Noonan’s Notes Blog is written by a team of Hodgson Russ tax attorneys led by the blog’s namesake, Tim Noonan. Noonan’s Notes Blog regularly provides analysis of and commentary on developments in the world of New York tax law.

Sales Tax Issues for Wall Street Firms

We quickly learned that the New York Tax Department had been starting to apply its tax on information services to the purchase or sale of investment research by Wall Street firms. Normally you would think a firm on Wall Street that provides trade execution services, investment management, and consulting would have little or no sales tax associated with its operations, other than basic things such as the tax on the purchase of computers, software, etc. But so much of this industry operates around information and research. And in this 2011 article I wrote for my monthly column in State Tax Notes called Noonan's Notes, I outlined the nature and extent of all these issues and the types of things taxpayers need to be looking out for when subject to one of these audits. 

That was a few years ago, but we continue to see these issues arise in our practice. Just a few weeks ago I posted this “Note to Self” article in State Tax Notes with a further explanation surrounding the continued enforcement in this area. As I have worked these many cases, not only do I learn different areas and issues that can be addressed to minimize a taxpayer’s liability, but I’ve also recently begun to question the whole application of this tax on information services to the types of research that gets thrown around in Wall Street circles. Specifically, while some of the “research” is simply the presentation and delivery of data, so much more of what’s being provided by these investment research providers is experience, skill, expertise, and investment advice. None of these services would constitute something we think is subject to sales tax in New York, or really anywhere else. But the New York Tax Department takes the position that when this advice or expertise is presented to a client in the form of a report it goes to many clients, it is somehow transitioned into a taxable information service. The jury is still out, however, as to whether or not that’s a legitimate argument. In one recent case, an administrative law judge in New York rejected the idea that a report containing advice and expertise could constitute the sale of an information service. As the Tax Department continues its enforcement push in this area, I expect to see other taxpayers making the same argument.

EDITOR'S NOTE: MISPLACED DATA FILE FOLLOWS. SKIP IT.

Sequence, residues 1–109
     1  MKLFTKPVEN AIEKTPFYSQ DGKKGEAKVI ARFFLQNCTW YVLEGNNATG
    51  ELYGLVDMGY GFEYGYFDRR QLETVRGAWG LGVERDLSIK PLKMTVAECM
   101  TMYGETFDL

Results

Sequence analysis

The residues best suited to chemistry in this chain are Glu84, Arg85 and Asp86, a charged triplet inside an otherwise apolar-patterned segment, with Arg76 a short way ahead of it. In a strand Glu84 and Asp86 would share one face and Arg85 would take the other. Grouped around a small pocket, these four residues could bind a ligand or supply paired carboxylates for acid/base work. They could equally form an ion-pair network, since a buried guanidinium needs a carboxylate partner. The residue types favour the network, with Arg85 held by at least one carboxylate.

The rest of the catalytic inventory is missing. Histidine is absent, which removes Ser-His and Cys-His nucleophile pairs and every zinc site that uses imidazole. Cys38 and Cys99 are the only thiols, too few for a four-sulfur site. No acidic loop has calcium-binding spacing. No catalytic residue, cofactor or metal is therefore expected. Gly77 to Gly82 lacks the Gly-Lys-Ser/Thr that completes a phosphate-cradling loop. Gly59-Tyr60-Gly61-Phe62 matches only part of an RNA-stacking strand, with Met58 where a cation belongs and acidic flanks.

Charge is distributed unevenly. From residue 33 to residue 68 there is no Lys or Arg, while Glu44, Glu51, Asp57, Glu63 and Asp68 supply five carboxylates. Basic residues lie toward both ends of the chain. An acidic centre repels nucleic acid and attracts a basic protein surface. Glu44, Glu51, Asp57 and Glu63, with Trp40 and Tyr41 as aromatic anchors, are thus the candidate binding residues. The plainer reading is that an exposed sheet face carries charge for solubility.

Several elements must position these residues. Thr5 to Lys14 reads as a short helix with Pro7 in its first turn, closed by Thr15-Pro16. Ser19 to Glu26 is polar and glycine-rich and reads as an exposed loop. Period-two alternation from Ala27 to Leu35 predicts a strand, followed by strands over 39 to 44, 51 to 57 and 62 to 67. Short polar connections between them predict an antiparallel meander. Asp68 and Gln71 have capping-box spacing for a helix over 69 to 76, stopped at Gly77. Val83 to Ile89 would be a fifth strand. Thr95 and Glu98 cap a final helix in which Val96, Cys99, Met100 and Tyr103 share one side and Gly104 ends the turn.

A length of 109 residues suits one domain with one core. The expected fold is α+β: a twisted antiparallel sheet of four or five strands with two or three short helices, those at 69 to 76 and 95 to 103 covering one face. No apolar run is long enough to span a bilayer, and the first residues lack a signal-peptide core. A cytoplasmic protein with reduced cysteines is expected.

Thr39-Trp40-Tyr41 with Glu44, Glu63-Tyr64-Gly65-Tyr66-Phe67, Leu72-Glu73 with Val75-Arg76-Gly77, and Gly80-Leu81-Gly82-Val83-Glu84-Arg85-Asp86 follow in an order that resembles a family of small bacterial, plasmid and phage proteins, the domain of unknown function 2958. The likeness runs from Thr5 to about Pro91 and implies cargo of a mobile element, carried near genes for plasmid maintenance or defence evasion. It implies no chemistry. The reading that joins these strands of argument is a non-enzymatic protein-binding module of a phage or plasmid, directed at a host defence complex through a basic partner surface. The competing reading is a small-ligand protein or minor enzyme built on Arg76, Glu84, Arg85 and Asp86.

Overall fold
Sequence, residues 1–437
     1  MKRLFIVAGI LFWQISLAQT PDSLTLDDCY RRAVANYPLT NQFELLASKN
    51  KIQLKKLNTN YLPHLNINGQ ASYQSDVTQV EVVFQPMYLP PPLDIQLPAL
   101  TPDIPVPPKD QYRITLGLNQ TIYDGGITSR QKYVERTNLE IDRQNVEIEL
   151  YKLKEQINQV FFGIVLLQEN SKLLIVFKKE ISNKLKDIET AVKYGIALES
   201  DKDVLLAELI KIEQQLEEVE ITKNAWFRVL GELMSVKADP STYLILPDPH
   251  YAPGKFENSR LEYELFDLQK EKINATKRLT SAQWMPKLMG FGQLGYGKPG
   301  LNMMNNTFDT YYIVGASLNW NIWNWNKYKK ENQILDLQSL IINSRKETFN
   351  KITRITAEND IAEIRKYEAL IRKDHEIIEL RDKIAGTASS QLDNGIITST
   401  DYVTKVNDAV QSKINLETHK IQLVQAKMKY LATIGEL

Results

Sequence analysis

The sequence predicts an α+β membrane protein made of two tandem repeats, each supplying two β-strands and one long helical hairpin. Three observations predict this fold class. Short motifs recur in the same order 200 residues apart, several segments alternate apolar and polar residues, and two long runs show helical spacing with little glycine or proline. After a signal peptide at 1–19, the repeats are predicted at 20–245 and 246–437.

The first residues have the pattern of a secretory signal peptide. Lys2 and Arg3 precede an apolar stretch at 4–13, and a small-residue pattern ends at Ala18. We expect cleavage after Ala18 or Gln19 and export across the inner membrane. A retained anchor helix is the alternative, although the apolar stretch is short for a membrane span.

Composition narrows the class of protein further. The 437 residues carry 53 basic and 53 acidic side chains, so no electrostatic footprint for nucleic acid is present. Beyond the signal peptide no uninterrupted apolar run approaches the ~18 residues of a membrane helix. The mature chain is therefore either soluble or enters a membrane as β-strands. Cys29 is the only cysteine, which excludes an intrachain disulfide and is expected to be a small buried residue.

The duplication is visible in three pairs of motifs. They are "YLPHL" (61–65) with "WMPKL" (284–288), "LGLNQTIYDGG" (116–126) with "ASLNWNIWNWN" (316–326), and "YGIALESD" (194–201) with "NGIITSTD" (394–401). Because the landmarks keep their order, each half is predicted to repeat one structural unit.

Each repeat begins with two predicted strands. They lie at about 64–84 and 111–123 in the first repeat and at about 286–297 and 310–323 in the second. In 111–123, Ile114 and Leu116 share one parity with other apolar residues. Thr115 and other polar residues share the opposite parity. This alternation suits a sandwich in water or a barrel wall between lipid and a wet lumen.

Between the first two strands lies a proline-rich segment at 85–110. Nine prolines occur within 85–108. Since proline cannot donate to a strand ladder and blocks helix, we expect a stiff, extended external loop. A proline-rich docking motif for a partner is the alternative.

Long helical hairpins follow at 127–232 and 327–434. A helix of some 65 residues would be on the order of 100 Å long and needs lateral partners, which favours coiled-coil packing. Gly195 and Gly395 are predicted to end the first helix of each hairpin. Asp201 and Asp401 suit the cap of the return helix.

Recent Posts



Jump to Page

Necessary Cookies

Necessary cookies enable core functionality such as security, network management, and accessibility. You may disable these by changing your browser settings, but this may affect how the website functions.

Analytical Cookies

Analytical cookies help us improve our website by collecting and reporting information on its usage. We access and process information from these cookies at an aggregate level.